I'd identified that problem earlier when Harris County Sheriff Tommy Thomas proposed such a change as part of his primary re-election campaign. Now the Travis County Sheriff is facing criticism over the same issue from civil rights advocates and his commissioners court, reports KVUE-TV:
Jim Harrington, the Director of the Texas Civil Rights Project, says he's skeptical.
"The county jail is already overflowing," says Harrington. "And the feds are going to build another jail for Travis County to account for all of these people that will be detained? No chance that will happen."
Travis County Judge Sam Biscoe says it's a controversial issue, and he wants to wait until he hears from all sides before making a final decision.
"I don't think we would eagerly promote immigration holds on people especially for minor offenses," says Biscoe.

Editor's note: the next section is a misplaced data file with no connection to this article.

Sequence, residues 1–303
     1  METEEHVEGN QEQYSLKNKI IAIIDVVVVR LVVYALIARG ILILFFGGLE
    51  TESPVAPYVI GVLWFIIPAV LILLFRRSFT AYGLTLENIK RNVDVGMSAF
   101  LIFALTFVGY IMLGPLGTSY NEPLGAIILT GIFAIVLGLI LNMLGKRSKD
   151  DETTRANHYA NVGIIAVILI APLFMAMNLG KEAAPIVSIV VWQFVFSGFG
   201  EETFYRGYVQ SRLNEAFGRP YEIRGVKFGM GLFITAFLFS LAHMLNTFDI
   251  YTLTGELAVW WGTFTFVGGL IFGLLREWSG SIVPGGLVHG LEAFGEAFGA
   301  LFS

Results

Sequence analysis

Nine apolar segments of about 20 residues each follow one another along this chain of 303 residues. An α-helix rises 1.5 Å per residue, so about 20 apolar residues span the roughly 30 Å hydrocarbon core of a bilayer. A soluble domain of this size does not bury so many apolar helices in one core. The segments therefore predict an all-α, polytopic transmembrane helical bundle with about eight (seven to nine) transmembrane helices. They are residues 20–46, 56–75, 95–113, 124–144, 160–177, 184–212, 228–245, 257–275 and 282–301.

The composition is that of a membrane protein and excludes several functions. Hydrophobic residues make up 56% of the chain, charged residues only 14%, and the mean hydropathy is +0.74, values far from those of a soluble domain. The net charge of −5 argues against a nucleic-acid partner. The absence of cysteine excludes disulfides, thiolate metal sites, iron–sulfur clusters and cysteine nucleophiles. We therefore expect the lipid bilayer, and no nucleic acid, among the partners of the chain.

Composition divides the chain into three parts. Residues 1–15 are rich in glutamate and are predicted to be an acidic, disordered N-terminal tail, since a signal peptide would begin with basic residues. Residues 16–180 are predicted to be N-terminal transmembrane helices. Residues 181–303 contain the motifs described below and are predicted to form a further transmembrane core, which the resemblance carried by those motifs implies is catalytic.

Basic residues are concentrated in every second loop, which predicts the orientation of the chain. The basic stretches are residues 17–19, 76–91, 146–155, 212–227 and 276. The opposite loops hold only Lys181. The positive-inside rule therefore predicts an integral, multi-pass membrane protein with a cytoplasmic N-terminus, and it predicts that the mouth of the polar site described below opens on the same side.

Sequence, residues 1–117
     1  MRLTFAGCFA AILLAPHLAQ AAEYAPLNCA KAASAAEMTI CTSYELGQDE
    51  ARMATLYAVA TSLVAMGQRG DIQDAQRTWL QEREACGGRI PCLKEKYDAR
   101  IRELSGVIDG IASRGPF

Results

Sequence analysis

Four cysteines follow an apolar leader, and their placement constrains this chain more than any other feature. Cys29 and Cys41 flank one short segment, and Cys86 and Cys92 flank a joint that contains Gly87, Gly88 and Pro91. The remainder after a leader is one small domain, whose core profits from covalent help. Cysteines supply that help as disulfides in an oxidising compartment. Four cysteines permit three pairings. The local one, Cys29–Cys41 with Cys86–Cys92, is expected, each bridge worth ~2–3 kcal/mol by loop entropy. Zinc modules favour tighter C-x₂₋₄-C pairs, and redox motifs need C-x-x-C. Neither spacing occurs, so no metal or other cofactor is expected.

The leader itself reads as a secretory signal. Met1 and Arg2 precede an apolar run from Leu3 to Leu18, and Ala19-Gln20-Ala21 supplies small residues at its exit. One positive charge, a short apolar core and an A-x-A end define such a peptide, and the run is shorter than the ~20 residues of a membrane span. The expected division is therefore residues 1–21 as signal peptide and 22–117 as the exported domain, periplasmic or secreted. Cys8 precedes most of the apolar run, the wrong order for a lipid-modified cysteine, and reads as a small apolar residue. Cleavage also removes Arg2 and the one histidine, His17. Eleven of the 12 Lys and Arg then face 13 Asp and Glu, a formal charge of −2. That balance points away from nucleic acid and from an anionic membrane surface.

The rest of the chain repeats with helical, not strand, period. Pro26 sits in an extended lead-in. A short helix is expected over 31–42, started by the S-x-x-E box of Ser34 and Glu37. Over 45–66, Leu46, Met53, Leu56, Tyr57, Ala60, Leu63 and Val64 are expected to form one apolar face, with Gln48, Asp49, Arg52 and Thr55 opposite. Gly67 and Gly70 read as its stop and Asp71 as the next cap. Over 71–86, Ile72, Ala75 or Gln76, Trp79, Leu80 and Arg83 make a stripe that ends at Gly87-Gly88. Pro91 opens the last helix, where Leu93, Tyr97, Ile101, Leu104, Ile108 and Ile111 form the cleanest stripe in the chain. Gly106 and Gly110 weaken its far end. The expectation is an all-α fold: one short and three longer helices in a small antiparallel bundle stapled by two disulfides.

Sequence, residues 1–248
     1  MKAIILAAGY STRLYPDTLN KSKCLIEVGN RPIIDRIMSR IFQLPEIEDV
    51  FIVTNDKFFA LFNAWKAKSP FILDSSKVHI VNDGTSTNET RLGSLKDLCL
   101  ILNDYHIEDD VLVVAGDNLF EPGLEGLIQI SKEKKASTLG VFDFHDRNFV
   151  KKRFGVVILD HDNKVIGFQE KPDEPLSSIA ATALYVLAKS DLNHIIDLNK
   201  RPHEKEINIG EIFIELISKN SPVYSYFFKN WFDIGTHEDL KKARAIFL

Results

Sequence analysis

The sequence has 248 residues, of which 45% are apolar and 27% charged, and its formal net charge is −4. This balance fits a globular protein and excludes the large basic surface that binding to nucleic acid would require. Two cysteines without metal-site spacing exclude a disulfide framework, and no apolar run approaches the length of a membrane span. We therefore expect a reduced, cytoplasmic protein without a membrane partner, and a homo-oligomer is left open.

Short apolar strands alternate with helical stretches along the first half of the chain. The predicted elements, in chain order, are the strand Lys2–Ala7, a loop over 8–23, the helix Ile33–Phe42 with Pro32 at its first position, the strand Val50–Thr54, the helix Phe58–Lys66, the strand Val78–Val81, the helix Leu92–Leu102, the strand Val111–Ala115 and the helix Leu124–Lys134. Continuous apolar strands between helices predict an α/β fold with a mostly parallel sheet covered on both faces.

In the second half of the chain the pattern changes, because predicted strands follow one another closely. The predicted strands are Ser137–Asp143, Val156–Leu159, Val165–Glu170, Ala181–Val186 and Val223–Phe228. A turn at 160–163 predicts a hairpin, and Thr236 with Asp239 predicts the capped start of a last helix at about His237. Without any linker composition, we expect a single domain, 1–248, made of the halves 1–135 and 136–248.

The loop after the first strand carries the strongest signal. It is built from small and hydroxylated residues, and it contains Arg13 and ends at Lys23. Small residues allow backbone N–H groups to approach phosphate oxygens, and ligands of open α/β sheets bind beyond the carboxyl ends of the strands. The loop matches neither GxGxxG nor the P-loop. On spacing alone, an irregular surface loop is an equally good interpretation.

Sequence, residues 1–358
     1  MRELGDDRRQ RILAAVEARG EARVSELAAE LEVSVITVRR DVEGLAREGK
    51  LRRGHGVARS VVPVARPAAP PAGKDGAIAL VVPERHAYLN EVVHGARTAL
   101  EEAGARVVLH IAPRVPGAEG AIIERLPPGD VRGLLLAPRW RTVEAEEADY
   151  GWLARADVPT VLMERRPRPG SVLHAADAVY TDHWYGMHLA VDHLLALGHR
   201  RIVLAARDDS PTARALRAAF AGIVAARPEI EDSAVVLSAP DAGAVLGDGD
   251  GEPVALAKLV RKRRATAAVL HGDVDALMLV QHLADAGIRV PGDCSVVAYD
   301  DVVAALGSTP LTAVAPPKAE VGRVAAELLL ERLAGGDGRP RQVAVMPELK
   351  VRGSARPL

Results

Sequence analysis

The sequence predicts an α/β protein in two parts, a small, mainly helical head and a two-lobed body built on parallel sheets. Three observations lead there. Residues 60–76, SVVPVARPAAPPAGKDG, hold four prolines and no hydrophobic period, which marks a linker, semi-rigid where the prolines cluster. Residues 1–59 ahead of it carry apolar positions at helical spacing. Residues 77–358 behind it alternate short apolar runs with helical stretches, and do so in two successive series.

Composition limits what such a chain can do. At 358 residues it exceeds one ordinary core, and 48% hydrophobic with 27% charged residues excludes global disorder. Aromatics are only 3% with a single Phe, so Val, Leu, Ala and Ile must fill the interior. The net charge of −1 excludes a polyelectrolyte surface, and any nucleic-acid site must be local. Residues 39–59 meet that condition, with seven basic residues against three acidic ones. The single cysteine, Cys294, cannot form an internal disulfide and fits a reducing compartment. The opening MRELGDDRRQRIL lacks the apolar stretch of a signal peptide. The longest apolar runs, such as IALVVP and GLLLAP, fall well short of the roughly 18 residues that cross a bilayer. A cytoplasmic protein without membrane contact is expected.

So far Travis Sheriff Greg Hamilton is sticking to his guns, but the decision to increase immigration holds for minor offenses at a time when the local jail is full makes little sense to me. As Harrington points out, it's not like the feds will pay to build us more jail space.Similarly, in Dallas proposals by GOP Sheriffs candidates for a similar arrangement met with skepticism from the commissioners court who would have to find the money to pay for extra bed space. Said Commissioner John Wiley Price, according to the Dallas News, "I don't need anything that's going to increase the jail population."
In Austin the debate has devolved into accusations of whether this practice constitutes racial profiling. To me, that's not nearly as strong an argument as emphasizing the immediate, pragmatic issue that none of these jails - in Austin, Dallas or Houston - have any extra space for
It's one thing to suffer a jail overcrowding problem because of the decisions of the local judicial system; it's quite another for Sheriffs to seek out new categories of optional inmates to fill up their jails volitionally.